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Iran Press TV

White House 'disagrees' with review board's finding on US spying

Iran Press TV

Fri Jan 24, 2014 10:54AM GMT

The administration of US President Barack Obama has said it disagrees with the findings of an independent review group that showed Washington's phone data collection program is illegal.

In a 238-report, the Privacy and Civil Liberties Oversight Board (PCLOB) said on Thursday that a law known as Section 215 of the USA Patriot Act "does not provide an adequate basis to support" the National Security Agency's program for collecting billions of Americans' phone records on a daily basis.

The board, which works to protect Americans' civil liberties and privacy, also called for an end to the program, saying "cessation of the program would eliminate the privacy and civil liberties concerns associated with bulk collection."

However, the White House immediately disagreed with the findings of the board, although the group had shared its conclusions with Obama prior to his speech last Friday in which he promised some modest changes to the NSA's spying programs.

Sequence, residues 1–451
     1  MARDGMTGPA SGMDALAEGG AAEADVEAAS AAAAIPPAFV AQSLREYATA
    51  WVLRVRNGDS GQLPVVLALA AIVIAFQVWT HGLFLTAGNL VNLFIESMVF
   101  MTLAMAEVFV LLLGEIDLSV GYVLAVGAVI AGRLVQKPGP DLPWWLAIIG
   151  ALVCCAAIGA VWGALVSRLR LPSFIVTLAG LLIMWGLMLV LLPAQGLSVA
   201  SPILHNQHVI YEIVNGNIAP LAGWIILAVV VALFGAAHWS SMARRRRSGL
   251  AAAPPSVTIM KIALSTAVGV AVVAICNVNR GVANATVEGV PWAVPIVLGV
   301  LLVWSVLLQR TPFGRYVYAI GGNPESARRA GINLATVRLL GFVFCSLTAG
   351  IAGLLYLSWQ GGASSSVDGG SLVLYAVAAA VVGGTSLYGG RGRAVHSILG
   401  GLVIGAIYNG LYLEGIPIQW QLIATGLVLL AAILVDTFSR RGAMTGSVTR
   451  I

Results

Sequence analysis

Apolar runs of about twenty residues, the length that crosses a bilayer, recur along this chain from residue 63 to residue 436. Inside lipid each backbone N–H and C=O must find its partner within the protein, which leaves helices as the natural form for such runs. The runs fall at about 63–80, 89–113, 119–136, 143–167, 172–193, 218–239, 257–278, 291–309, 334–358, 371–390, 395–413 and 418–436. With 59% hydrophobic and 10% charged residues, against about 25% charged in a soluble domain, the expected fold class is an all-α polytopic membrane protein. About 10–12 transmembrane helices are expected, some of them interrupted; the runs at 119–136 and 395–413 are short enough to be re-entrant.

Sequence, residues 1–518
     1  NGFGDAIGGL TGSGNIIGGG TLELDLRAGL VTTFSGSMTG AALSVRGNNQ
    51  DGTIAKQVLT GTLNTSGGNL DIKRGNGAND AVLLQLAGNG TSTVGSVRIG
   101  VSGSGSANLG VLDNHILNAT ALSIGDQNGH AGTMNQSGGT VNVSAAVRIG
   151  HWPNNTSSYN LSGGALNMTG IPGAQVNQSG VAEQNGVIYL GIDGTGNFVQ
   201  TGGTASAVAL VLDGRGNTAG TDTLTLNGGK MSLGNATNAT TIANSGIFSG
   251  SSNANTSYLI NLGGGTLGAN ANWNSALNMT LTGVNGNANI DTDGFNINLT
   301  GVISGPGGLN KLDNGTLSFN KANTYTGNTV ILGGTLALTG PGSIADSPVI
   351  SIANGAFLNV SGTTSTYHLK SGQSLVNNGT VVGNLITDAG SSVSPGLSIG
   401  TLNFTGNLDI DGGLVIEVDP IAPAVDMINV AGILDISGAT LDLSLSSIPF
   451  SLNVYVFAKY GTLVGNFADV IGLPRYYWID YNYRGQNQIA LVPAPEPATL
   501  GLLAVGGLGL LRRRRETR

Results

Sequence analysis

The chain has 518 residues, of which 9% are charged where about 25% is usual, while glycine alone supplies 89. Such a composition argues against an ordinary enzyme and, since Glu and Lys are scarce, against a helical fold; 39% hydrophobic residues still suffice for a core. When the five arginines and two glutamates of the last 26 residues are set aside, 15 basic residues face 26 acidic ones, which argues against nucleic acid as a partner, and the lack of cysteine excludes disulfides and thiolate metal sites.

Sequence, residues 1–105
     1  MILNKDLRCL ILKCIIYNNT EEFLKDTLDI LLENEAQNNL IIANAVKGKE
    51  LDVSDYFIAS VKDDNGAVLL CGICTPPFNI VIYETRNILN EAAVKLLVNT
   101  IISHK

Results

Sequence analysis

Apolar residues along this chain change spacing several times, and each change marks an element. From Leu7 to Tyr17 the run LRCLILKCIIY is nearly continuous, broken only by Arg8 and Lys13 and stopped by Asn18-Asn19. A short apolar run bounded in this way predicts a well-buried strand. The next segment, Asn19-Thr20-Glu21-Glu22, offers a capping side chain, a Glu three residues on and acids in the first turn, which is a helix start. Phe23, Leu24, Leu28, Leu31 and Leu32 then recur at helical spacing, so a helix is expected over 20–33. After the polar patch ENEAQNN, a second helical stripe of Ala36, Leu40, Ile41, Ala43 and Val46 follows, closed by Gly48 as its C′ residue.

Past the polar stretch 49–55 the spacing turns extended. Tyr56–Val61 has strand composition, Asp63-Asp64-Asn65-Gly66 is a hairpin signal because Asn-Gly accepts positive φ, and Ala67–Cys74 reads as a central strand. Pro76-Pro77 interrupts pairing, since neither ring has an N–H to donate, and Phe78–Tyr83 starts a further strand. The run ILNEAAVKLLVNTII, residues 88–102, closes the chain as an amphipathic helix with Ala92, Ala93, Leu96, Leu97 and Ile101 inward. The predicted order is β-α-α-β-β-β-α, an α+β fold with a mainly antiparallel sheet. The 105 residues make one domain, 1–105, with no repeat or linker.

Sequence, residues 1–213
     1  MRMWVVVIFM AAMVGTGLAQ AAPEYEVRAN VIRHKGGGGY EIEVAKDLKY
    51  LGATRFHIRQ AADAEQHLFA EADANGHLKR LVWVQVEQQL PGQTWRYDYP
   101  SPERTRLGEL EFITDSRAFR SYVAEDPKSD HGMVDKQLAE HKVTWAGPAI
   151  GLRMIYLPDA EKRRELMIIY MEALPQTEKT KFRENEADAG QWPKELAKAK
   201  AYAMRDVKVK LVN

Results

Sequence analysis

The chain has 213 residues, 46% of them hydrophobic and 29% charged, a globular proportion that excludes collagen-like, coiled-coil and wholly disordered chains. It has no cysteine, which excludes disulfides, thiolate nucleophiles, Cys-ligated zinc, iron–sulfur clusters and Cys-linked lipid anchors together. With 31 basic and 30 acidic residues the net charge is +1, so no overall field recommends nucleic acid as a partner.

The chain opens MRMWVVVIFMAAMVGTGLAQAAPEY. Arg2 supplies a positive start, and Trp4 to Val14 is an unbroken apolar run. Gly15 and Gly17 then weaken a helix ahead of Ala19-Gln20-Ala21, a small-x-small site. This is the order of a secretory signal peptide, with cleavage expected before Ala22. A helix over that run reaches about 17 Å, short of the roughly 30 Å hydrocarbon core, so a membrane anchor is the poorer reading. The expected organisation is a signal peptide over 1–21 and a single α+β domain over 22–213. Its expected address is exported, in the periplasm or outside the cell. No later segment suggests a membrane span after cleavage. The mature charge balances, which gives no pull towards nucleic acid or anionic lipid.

"On the issue of (Section) 215, we simply disagree with the board's analysis on the legality of the program," Obama's spokesman Jay Carney said on Thursday.

"The administration believes that the program is lawful," he added.

The PCLOB's report also said that there has been no single instance in which the US government's phone data collection program contributed to the discovery of a terrorist threat to the United States.

"We have not identified a single instance involving a threat to the United States in which the telephone records program made a concrete difference in the outcome of a counterterrorism investigation," it said.

Nevertheless, the Obama administration has described the once-secret program, which whistleblower Edward Snowden's leaks brought to light, as useful and the US President in his last Friday's speech only proposed that the NSA's database of phone records should be moved out of government hands and be kept by private phone companies.


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